Government-sanctioned defensive architecture
This post provides an update on the creeping progress of government-sanctioned defensive architecture. In April I wrote about how provincial government agencies are working with the police to come up with ways to displace people. One of those agencies is B.C.’s Environmental Assessment Office: defenders of deer, protectors of porcupines, and… shredder of shrubs?
To stop “unwanted activity” in the passageway at 836 Yates Street, the police suggested cutting down some bushes to allow for “natural surveillance” by the public, to “assist in deterring and preventing crime in this area.”
The Environmental Assessment Office was eager to comply, moving from this:
I thought that was going to be the end of it, but it turns out they actually chose the police’s ‘Option Two’: “removing the foliage and filling the planters with concrete and rocks.” It’s not a great look:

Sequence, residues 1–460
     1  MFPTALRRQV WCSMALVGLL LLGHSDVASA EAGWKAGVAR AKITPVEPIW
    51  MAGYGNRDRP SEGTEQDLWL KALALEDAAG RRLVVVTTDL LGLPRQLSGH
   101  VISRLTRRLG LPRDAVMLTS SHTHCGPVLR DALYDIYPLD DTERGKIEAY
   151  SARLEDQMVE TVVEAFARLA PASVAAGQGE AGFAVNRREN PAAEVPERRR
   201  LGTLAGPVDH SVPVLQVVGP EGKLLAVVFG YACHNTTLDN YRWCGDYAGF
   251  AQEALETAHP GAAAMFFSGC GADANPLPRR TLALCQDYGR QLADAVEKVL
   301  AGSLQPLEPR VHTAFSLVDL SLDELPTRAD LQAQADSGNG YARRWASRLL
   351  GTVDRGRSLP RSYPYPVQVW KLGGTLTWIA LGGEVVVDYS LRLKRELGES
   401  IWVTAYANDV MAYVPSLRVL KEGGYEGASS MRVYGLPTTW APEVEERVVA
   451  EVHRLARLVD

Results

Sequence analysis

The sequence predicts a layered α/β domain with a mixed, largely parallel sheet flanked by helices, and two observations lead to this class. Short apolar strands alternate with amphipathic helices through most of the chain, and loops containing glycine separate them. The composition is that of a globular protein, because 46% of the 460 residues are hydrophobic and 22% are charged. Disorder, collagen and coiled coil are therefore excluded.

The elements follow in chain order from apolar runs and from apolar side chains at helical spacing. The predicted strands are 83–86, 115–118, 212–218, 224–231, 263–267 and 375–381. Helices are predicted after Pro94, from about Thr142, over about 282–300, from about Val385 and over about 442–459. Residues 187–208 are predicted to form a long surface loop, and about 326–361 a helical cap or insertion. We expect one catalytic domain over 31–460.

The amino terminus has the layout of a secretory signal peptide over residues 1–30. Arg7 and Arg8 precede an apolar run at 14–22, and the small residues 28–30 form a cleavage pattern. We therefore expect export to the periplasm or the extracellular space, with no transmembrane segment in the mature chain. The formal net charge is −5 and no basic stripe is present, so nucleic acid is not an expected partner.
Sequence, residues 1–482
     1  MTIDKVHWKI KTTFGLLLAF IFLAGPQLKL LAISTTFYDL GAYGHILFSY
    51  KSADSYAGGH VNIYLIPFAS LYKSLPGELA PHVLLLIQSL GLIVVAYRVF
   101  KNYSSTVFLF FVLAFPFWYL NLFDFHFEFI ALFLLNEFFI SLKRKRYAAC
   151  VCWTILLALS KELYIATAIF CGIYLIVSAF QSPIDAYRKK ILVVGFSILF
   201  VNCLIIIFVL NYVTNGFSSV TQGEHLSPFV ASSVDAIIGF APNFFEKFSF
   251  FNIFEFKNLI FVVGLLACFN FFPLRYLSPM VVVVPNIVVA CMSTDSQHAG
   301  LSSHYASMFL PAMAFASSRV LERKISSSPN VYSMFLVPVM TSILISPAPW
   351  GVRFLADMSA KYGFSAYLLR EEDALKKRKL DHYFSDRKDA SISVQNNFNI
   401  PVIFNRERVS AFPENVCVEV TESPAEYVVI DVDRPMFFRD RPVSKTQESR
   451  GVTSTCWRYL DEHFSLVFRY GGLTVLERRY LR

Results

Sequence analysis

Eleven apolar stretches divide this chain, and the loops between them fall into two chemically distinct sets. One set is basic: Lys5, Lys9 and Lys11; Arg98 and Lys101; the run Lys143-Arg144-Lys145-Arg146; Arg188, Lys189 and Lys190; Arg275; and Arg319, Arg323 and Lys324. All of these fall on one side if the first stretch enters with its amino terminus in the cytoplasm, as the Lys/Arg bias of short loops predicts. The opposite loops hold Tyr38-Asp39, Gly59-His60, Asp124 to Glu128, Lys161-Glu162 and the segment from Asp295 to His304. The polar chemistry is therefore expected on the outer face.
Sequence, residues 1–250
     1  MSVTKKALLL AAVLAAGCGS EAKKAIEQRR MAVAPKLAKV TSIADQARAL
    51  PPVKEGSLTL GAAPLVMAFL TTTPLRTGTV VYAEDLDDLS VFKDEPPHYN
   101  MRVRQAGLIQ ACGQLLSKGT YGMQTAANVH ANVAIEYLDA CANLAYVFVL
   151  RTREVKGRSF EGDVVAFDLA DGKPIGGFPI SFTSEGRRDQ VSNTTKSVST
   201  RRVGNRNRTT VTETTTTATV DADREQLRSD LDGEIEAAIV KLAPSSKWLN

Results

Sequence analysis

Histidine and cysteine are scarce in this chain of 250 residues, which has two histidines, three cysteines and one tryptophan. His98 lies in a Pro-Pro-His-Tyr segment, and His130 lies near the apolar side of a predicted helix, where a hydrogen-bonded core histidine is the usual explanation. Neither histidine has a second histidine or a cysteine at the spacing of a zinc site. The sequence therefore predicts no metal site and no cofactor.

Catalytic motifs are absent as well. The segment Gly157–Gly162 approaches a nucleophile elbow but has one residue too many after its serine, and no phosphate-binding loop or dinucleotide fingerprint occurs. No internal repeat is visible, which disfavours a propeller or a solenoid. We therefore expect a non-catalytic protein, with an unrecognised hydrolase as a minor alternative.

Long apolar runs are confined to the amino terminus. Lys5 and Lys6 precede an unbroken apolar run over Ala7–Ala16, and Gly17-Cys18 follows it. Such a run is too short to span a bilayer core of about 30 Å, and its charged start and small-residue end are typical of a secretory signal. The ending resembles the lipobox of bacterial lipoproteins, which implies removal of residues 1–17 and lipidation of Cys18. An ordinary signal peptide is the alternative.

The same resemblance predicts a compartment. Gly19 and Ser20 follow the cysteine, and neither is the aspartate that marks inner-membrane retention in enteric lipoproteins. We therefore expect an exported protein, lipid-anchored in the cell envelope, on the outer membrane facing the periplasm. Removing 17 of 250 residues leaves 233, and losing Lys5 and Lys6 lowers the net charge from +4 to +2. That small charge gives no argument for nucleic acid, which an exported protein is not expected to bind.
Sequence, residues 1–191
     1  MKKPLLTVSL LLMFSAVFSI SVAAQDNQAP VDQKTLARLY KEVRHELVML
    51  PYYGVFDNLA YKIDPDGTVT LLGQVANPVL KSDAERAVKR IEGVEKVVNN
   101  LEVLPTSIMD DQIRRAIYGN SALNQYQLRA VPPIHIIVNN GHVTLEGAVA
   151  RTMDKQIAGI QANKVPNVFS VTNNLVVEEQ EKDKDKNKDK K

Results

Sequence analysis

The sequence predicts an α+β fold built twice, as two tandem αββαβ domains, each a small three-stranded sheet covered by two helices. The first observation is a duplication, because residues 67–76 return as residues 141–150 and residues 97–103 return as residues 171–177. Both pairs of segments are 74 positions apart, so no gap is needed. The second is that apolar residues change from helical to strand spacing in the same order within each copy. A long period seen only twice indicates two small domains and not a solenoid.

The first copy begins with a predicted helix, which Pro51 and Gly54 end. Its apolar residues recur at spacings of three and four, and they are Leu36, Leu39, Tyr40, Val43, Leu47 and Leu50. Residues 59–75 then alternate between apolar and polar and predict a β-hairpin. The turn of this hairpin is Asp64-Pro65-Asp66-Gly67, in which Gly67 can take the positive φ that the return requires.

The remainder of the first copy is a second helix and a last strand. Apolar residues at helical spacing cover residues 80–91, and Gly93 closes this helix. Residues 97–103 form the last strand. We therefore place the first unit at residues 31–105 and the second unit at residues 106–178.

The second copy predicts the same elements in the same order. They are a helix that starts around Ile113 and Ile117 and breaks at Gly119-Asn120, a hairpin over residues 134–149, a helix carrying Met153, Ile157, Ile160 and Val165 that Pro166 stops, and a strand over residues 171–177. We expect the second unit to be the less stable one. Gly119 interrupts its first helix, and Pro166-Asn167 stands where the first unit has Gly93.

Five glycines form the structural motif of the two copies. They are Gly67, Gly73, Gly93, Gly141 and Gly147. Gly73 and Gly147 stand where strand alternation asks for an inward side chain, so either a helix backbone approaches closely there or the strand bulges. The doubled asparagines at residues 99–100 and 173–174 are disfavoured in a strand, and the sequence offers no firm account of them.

When I walked by during this concrete-and-rock stage, people were, horror of horrors, still sitting on the ledge! Waiting for the bus, hanging out, whatever. I guess somebody told the Environmental Assessment Office that ugly metal fences are hot this year, because that’s what they did next:
To summarize, the provincial government met with the police, cut down bushes, dumped some big rocks in a planter, cemented those rocks in place, and added a fence. All to reduce the chances that their employees might have to see people who are living in poverty – a direct consequence of their government’s own policies.